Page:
“We do what we can with only one full – time person and volunteers on a limited budget,” says Johnson, “but I wish we did a better job of getting our message out. It is something that takes a lot of time but is necessary.”

The only Main Street Guymon program that received a low approval rating was the Archaeologist Lecture in October, with brought home a 36% like and a high 32% that didn’t know about it.

“This is a program that has a smaller interest group,” says Johnson, “sort of a niche market and we held it each year because there was no cost to us, and it was a part of our Main Street Month and part of Oklahoma Archaeological Month. But with the low rating and the fact that it takes place off Main Street (at the public library), we’re going to take it off our annual schedule of events. I have contacted the library to see if they’re interested in continuing the program through the library.”

Of interest are some of the comments at the end of the survey. Because of comments about people not knowing about the programs, we are going to work to post on our website each program, a short description, and how to get involved.

One person said, “A listing of all committees needs to be spread widely to inform people with what all they can choose to volunteer in. I think many more people what to be involved, they just don’t know how or when they can step in to participate!”

Taking this beyond just the Main Street Guymon programs, we are currently working on a community list of places where a person can volunteer and who to contact to find out about helping. This will eventually end up on the Main Street Guymon website under “Volunteering.”

“Doing things like this sounds easy,” says Johnson, “but it takes a lot of hours to gather the information and get it set up. Then doing the updates is a chore, but I think it is needed and we are going to do our best to provide the information. For a long time, people have been coming into the office and finding out ways to help in the community and this is just a step further to make it official. What I know is that we want our community to have these programs, whether it is Pioneer Days (through the Chamber of Commerce) or Panhandle Partners (who help families battling cancer) or Iron Thunder (whose brings us the Five State Motorcycle Run with all proceeds going back to help people in the community) or the Ultra Runners (Livin’ Green and other runs who promote a healthier lifestyle), or Scouts or 4-H because they make a better community.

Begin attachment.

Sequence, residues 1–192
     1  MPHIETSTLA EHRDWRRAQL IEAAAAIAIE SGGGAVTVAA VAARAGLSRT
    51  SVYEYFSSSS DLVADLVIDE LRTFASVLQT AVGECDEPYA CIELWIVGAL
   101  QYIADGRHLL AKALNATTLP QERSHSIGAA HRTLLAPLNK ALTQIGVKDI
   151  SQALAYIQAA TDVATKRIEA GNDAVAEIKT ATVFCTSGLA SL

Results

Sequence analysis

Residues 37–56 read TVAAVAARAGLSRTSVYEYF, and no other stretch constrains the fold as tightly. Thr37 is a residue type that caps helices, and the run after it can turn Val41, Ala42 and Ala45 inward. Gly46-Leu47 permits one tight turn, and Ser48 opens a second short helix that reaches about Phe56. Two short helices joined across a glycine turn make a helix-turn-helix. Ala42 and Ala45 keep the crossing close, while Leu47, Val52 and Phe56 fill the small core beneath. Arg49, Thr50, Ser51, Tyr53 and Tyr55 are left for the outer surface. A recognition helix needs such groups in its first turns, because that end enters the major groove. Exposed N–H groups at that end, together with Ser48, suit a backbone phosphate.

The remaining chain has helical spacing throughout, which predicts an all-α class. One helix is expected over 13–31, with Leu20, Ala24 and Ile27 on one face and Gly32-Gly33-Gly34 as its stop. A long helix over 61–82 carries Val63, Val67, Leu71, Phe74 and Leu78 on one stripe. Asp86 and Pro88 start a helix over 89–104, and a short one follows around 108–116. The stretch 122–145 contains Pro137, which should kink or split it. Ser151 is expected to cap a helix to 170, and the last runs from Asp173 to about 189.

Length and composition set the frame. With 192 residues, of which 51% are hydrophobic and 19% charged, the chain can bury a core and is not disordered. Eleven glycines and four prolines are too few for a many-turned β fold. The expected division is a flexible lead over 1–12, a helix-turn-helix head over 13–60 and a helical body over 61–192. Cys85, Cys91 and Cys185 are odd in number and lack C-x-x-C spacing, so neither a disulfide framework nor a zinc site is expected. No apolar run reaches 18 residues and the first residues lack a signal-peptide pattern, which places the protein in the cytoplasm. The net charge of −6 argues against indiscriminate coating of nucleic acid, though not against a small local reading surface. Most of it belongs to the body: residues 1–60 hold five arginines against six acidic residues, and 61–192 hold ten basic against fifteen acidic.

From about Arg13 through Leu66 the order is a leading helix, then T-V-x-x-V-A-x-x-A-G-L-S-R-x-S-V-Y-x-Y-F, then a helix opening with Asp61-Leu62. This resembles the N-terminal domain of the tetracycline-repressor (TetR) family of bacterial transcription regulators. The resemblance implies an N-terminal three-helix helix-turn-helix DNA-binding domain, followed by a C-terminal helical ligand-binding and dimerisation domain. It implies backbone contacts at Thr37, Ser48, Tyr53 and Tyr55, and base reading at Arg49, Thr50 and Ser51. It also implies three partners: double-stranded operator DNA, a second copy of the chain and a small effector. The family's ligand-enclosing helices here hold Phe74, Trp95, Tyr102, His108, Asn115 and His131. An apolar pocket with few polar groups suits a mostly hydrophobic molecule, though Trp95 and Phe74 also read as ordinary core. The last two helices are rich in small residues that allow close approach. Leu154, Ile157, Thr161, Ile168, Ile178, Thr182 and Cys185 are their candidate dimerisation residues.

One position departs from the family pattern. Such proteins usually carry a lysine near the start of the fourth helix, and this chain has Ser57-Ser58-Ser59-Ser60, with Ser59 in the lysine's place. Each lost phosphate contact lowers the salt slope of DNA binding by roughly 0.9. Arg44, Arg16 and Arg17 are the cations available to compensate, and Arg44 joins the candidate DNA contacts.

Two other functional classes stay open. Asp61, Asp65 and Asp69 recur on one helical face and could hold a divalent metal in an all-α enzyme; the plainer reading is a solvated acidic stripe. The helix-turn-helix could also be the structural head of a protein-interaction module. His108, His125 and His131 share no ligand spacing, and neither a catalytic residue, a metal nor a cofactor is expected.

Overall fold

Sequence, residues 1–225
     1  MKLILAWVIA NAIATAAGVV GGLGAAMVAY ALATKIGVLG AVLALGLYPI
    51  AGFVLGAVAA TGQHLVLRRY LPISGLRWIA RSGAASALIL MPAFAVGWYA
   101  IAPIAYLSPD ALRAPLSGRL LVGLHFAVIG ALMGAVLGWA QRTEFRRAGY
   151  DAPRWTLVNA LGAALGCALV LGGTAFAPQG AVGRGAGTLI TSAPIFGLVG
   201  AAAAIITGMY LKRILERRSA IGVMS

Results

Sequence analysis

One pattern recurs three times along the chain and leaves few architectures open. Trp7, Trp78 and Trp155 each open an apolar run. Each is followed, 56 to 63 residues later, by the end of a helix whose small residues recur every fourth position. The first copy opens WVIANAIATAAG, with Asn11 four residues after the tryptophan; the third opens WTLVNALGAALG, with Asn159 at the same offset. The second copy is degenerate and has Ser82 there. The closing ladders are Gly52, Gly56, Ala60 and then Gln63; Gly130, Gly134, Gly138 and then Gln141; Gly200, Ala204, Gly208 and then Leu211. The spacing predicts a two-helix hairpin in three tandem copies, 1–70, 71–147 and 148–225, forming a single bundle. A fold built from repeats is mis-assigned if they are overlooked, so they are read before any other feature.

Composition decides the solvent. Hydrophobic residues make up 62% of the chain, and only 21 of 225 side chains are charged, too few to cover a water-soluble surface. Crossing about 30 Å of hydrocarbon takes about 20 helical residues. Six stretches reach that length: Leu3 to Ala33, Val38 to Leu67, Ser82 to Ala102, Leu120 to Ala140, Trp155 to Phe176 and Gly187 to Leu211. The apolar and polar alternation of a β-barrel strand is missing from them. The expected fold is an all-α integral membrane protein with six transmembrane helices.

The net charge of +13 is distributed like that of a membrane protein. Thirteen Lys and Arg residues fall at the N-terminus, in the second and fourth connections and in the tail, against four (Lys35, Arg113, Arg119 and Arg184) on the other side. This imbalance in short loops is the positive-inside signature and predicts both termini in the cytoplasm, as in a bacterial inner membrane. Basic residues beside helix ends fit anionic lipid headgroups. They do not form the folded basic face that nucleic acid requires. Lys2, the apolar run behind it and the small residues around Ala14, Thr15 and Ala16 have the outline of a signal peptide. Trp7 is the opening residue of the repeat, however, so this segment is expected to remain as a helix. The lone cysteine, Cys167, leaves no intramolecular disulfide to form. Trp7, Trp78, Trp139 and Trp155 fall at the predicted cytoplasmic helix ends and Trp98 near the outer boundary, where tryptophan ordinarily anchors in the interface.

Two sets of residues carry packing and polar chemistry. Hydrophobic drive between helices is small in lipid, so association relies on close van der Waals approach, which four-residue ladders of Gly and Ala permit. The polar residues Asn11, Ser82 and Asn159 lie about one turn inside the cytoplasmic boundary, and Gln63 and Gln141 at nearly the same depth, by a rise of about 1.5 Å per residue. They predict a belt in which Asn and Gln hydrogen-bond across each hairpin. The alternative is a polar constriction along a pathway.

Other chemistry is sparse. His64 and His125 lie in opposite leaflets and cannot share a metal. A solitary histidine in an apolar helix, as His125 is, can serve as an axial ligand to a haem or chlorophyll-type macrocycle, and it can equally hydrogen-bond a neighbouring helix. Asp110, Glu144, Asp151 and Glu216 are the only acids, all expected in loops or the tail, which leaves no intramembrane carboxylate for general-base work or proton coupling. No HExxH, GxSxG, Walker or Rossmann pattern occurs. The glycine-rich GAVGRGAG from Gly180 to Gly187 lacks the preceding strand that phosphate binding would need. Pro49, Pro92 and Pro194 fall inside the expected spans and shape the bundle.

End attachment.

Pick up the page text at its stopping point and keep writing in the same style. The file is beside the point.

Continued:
And so, we will work to help all these programs find people interested in working as a volunteer with them … including the Main Street Guymon programs and partnerships.

One of the best Main Street Guymon partnerships is with the Shutterbugs, a group that started through Main Street Guymon about eight years ago after Chris Urias taught a short workshop for amateur photographers. The photographers wanted to continue meeting, so they met at the Main Street Guymon office, and they have done many helpful things in the community since, carrying out the volunteer service mind that Main Street Guymon has. They have volunteered to take photos for community events and have meetings and lessons on learning about their cameras and shooting photographs. It has been a very positive group in Guymon.

“They no longer need our help from the Main Street Guymon office,” says Johnson, “but they continue to increase their prominence in the community through their volunteer work and we are proud of what all they’ve done.”

One survey comment read, “I would like to see a food program where community members could donate canned goods and other non – perishable items year – round, but also include an annual program where sportsmen and women could donate venison and other game meat to families in need.”

“Loaves and Fishes has been our local food pantry in Guymon, a 501c3 organization, since 1990,” says Johnson. “They do a fantastic job. In fact, they served 55,584 individual visits in 2018. Yet, I don’t know that they had ever considered taking game from hunters and I am anxious to share that idea with Loaves and Fishes Director Gail Parsley.”

Another wrote, “(The) City of Guymon needs to perform more and better repairs of Main Street, including the curbs. Thanks.” Often people forget that most of Guymon’s Main Street is also a state highway and so it can be a state highway issue or a City issue or them working together.